JACO PASTORIUS: THE FLORIDA FLASH
By Neil Tesser, JANUARY 27, 1977 (Interview with Jaco in Downbeat Magazine)
"Theres a real rhythm in Florida," Jaco Pastorius says in a voice saturated in matter-of-fact. "Because of the ocean. Theres something about the Caribbean Ocean, its why all that music from down there sounds like that. I cant explain it, but I know what it is." He pauses to unclasp his hands, like gangly sandcrabs, and drop his lanky arms to the sides of his lanky body. "I can feel it when Im there."
The concept of Florida is not a constant among Americans. Some people think of Miami Beach, others warm to the less hectic conjuration of Ft. Lauderdale or sleepy St. Petersburg; for some it is the gateway to the new frontier represented by Cape Canaveral, for others the far older frontier that is the Everglades. Still others revel in the broad paradox of a mecca for retirees on the site of Ponce de Leons Fountain of Youth, or the full-circle irony of a land discovered by Spaniards being gradually inundated by the Spanish- speaking. But no one thinks of Florida as a source of American music. No one thinks of it for jazz. "The water in the Caribbean is much different from other oceans," Jaco says. "Its a little bit calmer down there; we dont have waves in Florida, all that much. Unless theres a hurricane. But when a hurricane comes, look out, its more ferocious there than anywhere else. And a lot of music from down there is like that, the pulse is smooth even if the rhythms are angular, and the pulse will take you before you know it. All of a sudden, youre swept away."
The corresponding hurricane of music that has been
unleashed by Florida on a hardly expectant world goes by the unlikely name of Jaco
Pastorius, the 25-year-old, man-child of the Caribbean who popped up in early 1976 on a
startling debut album of his own design, simultaneously replaced Alphonso Johnson in the
fusion music showcase Weather Report whose music he had never listened to before
joining the band and at once began to redefine the conception and connotations of
the electric bass guitar. Jacos playing is nothing less than revolutionary. In fact,
he has almost single-handedly opened a heretofore unimagined world of resources for the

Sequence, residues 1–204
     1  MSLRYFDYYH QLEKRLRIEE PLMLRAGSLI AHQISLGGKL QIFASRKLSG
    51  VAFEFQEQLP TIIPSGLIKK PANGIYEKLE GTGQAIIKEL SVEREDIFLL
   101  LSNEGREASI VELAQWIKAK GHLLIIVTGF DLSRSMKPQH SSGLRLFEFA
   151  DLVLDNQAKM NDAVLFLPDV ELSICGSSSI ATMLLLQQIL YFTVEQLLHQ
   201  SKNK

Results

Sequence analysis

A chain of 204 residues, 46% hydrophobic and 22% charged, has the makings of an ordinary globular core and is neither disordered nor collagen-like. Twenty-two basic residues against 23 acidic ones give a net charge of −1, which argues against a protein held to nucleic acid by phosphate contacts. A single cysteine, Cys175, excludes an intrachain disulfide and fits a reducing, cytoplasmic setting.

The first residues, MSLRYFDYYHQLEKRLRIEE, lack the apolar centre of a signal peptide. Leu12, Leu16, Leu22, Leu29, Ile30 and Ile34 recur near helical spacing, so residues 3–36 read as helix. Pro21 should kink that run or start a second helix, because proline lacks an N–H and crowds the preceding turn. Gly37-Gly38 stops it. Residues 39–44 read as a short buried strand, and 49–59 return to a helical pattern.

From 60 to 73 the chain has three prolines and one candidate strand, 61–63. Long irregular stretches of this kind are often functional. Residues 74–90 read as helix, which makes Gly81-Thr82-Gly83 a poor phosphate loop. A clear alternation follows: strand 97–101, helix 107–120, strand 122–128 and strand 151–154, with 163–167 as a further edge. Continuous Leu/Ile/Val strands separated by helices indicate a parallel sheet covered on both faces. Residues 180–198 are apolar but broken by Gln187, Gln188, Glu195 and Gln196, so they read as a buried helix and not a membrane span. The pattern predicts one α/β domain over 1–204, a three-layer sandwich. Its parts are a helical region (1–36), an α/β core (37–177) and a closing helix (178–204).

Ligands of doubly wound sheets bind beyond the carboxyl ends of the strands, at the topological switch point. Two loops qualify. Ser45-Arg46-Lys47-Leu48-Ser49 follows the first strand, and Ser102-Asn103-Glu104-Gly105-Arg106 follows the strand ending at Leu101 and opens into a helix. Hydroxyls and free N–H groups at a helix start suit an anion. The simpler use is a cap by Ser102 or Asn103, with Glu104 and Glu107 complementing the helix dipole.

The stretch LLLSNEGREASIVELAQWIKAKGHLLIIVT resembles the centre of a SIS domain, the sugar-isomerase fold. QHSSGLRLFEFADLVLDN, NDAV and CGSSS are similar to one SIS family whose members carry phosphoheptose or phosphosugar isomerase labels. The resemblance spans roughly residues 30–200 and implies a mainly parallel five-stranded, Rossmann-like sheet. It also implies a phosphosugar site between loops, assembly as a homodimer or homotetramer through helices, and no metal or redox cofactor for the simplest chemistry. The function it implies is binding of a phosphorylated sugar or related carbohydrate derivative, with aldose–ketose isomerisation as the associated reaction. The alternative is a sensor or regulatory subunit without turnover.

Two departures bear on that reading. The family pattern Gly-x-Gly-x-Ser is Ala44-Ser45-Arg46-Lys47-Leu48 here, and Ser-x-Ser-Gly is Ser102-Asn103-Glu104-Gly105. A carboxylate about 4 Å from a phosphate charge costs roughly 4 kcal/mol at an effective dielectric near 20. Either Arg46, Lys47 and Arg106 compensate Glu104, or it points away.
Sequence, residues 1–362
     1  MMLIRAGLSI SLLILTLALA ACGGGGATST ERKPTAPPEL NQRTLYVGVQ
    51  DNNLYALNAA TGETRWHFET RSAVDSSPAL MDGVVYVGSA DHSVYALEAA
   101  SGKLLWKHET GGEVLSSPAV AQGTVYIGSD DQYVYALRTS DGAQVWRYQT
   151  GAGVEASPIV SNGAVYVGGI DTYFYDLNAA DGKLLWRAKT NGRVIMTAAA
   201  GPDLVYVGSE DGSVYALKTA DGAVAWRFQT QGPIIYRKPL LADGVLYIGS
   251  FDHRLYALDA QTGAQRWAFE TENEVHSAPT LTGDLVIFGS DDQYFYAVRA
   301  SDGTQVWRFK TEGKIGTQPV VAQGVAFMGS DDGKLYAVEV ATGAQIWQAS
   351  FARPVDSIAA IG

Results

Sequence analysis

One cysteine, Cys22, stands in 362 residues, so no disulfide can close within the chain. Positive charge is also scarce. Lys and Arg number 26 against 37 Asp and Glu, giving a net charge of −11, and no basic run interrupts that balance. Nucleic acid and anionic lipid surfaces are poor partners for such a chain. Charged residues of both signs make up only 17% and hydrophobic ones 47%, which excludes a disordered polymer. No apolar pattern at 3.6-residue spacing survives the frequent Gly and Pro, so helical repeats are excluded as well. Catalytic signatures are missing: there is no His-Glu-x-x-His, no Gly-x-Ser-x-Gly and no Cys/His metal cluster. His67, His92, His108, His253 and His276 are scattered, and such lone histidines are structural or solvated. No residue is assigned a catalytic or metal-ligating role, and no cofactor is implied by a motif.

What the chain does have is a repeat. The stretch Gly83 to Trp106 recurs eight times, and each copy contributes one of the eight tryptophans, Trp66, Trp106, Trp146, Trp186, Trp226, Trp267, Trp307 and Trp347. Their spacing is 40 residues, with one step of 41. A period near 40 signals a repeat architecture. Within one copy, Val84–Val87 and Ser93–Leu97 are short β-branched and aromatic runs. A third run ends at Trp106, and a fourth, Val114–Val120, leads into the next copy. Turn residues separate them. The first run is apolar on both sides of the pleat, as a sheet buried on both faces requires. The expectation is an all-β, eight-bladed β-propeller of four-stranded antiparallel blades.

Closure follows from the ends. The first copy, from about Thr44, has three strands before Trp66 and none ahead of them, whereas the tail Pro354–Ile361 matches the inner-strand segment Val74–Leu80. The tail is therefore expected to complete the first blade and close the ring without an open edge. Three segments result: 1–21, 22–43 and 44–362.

instrument, forging in ultrasuede sound that at once encompasses the tonal characteristics
and phrasing idiosyncrasies pf amplified guitar and bass fiddle. In his extraordinary
control and imaginative usage of the electric bass harmonics alone, he has sketched
a stylistic device of sizable potential.
But more than that, he has burst upon the scene with a wholly
mature and wildly successful compositional ability that draws in varying
doses upon jazz, modern rhythm and blues, the classics and the music of the by now
familiar Caribbean, from the reggae riffs of Kingston Town to the steel drum bands of
Trinidad. "I consider myself as much a writer as a bass player," says Jaco, who
avoids boasting but never slights what he perceives as his real assets. Ive always
done both. The people at Epic (which released his first album, Jaco Pastorius)
probably got a little more than they bargained for when they signed me. They knew they had
some guy who could play a lot of bass, but they didnt know they had a writer
Neither did his father, a drummer and singer in Norristown, Penn., when John Francis Pastorius III was born on Dec. l, 1951. "He didnt want anyone calling me Jack, like everyone else named John, so he started calling me Jaco. And when we moved to Ft. Lauderdale, in 1958, thats how it got the spelling I use (Jaco substitutes a t for the d in Lauderdale), because thats how the guys from Cuba and Jamaica would spell it." His father provided the influence and the example, but there were never any lessons. Jaco developed his unique approaches to both performing and composing completely on his own, based on what he heard. And what he heard consisted mainly of the handful of jazz musicians Ira Sullivan was one of them in the area, as well as the bands and musical shows that toured the state and the Afro-Cuban rhythms that filtered up from the relatively nearby Islands. But Jaco owned few records and listened to them infrequently, opting most often for the flesh-and-blood performance.
"Ive just always had big ears," he shrugs to explain his self-taught talents. "I never had any money, so I had to work, and I caught on quick." He actually caught on to a multitude of instruments before he eventually settled on the bass guitar. He also worked out on drums, piano, saxophone and guitar, and eventually started playing piano or bass behind many of the concert headliners that came through Florida: Wayne Cochran and the C.C. Riders, the Temptations, the Supremes, Nancy Wilson, and Charo, of all people, among others. "I was playing like five instruments, and I was pretty good on all of them, but I wasnt realIy good on any of them. I mean, theres no way you can play that many instruments at a time. I had to concentrate on just one. "Thats not to say I was wasting time," he quickly continues. "I mean, Im glad I fooled around with all of them, like for writing and stuff; I can write as fast as I can think for all those instruments. Im not hung up on different keys or anything like that," a situation that facilitated his early big band charts for the University of Miami stage band and Ira Sullivans Bakers Dozen. The precocious youngster was still in his teens.
"But I finally realized that in order to do something really
well, Id have to settle on one insirument." The impetus for that decision was
the steady persistence of his daughter Mary whose birth was imminent. Just 18, Jaco
was already married, his wife Tracy was pregnant with the first of their two children, and
he was working at a car wash, which he frankly admits "wasnt much fun. We
needed money, and so I had to ask myself, OK, what do you really want to play?